Flames’ desire to tighten up defensively gets that much harder without Tanev

CALGARY – One measly win.

That, and three loser points, are all the Calgary Flames have to show for the eight games in which Chris Tanev hasn’t dressed this season.

The fact is, no one in the locker room, coaches’ office or around town, needs a stat like that to demonstrate Tanev’s importance to the team.

Just think back to how vulnerable defensively the Flames were in last year’s division final against Edmonton when Tanev missed the first three games before gutting out the final two with a torn labrum and separated shoulder that popped out almost as many times as Connor McDavid scored.

He’s not flashy, he’s not a point producer and he’s not a Dion Phaneuf reincarnate when it comes to body blasts.

He’s just the best damn defencemen the Flames have.

Had.

The news Calgary hockey fans were bracing for came Wednesday, less than 48 hours after the 33-year-old warrior gingerly departed Monday’s Johnny Hockey game.

“Tanny will miss these two games, and if everything goes well, we’ll get him back after the break,” said Darryl Sutter, whose club will have nine days off following Friday’s game in Seattle.   

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“If there’s a blessing in a having a long break, that’s it.”

Sutter delivered another blessing after that.

“Thankfully, the major (shoulder) surgery he had last summer – it wasn’t that,” added Sutter,  who most certainly has considered Tanev as a candidate to fill the club’s vacant captaincy.

So what does the team miss when he’s not on the ice?

“Two things – he’s so good at his structure, in terms of the x’s and o’s of his game,” said Sutter.

“That’s part of his preparation – he’s so detailed.

“The other is his one-on-one play.”

It’s unrivalled on a blue line full of various talents – none of whom have as complete a package as Tanev.

Tanev is a calming presence on the bench and a stabilizing and galvanizing force on the ice, who has helped the Flames go 22-12-6 in the 40 games that he has appeared in this season.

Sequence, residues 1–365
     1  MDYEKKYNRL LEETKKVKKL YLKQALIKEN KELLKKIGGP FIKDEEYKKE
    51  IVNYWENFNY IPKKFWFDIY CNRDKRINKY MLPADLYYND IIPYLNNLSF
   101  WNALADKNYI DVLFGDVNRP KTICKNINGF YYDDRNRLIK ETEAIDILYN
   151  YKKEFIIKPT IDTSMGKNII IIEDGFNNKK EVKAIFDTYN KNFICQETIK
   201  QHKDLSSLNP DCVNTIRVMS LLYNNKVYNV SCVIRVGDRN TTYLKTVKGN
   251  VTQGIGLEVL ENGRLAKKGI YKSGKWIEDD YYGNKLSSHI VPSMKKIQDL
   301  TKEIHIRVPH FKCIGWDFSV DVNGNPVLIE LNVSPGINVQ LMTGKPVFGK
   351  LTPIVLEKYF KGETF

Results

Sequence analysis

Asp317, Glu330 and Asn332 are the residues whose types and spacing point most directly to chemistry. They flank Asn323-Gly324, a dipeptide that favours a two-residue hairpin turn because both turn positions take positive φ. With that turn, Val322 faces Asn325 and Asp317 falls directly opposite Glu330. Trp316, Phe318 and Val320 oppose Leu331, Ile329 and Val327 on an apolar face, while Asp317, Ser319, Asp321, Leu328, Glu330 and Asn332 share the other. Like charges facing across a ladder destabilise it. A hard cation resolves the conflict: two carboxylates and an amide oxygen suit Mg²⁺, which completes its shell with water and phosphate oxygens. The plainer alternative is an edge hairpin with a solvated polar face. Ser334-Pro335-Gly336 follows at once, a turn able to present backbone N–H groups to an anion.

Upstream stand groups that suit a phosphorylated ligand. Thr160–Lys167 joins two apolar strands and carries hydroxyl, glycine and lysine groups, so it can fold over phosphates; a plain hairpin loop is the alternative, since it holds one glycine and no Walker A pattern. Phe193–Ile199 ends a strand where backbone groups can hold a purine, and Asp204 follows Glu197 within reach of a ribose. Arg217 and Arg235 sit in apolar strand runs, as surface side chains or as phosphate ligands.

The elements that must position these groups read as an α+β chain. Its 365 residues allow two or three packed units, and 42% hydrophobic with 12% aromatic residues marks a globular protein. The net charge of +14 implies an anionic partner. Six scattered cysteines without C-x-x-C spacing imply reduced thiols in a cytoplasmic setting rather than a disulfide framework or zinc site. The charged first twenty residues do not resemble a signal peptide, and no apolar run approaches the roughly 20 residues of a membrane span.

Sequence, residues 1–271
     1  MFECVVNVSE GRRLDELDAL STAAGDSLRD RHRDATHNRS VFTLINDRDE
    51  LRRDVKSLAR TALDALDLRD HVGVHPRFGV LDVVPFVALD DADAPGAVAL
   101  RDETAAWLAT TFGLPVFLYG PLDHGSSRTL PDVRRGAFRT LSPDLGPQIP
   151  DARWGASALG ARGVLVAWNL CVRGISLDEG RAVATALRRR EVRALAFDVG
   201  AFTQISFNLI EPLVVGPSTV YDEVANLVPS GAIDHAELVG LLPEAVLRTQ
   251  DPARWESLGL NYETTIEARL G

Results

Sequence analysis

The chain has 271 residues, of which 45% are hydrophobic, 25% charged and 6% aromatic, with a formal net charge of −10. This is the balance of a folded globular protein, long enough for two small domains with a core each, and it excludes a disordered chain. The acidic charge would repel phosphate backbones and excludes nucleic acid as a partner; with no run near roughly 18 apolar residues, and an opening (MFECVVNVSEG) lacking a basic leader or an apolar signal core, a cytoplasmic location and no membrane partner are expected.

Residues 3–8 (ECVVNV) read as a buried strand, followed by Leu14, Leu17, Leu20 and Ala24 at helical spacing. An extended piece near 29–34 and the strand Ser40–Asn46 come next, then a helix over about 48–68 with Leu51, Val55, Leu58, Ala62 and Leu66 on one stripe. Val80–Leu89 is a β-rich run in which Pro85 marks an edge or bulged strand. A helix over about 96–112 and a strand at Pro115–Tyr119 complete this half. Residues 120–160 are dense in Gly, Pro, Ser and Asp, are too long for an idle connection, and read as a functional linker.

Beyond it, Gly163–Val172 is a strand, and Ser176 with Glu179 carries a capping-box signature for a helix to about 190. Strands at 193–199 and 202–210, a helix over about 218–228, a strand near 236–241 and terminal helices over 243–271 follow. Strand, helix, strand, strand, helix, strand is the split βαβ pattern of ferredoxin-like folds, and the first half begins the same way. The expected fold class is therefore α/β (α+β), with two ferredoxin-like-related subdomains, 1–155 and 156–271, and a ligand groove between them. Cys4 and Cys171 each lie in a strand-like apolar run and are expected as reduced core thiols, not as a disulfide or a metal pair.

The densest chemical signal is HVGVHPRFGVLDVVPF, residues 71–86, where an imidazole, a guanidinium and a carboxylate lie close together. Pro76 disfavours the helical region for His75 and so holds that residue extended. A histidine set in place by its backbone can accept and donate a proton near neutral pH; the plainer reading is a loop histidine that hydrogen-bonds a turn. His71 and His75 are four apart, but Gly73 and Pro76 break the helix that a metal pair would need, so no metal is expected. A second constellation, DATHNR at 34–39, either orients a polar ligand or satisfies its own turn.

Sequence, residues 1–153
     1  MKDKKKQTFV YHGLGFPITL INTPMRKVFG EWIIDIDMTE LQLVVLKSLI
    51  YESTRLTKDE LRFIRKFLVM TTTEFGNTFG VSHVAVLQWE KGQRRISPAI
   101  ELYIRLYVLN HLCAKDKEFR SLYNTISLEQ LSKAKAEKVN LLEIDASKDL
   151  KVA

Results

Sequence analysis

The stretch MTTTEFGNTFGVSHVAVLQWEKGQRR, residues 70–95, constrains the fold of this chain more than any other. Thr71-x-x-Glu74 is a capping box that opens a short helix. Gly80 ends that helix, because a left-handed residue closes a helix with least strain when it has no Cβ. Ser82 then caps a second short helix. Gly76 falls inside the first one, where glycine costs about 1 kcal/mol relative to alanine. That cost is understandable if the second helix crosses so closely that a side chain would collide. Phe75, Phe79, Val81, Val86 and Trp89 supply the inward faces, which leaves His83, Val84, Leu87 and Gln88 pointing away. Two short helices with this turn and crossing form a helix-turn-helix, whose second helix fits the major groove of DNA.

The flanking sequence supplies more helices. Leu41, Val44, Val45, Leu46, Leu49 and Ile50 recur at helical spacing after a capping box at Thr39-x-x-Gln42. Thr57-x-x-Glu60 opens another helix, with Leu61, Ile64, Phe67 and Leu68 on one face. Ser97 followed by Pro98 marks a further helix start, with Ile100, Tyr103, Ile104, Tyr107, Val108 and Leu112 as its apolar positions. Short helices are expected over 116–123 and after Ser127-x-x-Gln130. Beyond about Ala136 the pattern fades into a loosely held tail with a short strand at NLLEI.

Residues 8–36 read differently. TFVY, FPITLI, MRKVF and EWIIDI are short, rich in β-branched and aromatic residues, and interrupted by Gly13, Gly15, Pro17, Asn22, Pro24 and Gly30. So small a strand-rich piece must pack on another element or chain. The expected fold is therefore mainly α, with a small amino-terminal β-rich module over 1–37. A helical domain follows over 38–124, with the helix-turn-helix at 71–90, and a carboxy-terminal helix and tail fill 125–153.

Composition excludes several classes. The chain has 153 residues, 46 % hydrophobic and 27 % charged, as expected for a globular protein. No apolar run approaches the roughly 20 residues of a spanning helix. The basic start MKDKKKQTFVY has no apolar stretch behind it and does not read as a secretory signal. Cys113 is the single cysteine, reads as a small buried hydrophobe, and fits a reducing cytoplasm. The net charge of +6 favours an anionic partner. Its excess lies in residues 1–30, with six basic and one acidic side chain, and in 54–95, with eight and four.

“It’s not just the blue line, it’s your locker room,” said Sutter of what he brings.

“Every coach has a handful of guys that you know you don’t have to react (to situations) because those guys will take care of it.”

And so, the shuffling begins, ahead of back-to-backs against Chicago and Seattle.

“Changes dramatically, when you look at it,” said Sutter of the re-jigged pairings he hopes will only play out for two outings.

“Nobody replaces Chris Tanev. 

“Connor (Mackey) comes in and (Michael) Stone(y) plays more minutes, and Z (Nikita Zadorov) goes up a notch (to play alongside) MacKenzie (Weegar), who goes back to the right side.

“It really affects a lot. 

“The only pair it doesn’t affect is Noah (Hanifin) and Ras(mus Andersson).”
“They’re all going to have to step up their game.”

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Zadorov has been a revelation of sorts for the Flames this year with Sutter calling him their best blue liner at times, and the player confirming his confidence has never been higher.

He’s clearly capable of jumping into a top-four role with Weegar.

“More ice time I guess – more responsibility,” said the hulking Russian of his new gig.

“Spoke to Darryl today, and the defence core, and he told us when we lose guys like Tanny we have to bring something extra.

“It’s defending and good positioning in the d-zone, so every guy in the d-zone needs to be 5 per cent better for us to be successful.”

This team spent the first half of the season trying desperately to tighten up defensively – something the coach has plainly said is the key to second-half success.

That job will be much harder if Tanev isn’t back in time for their re-boot Feb. 6 in New York.

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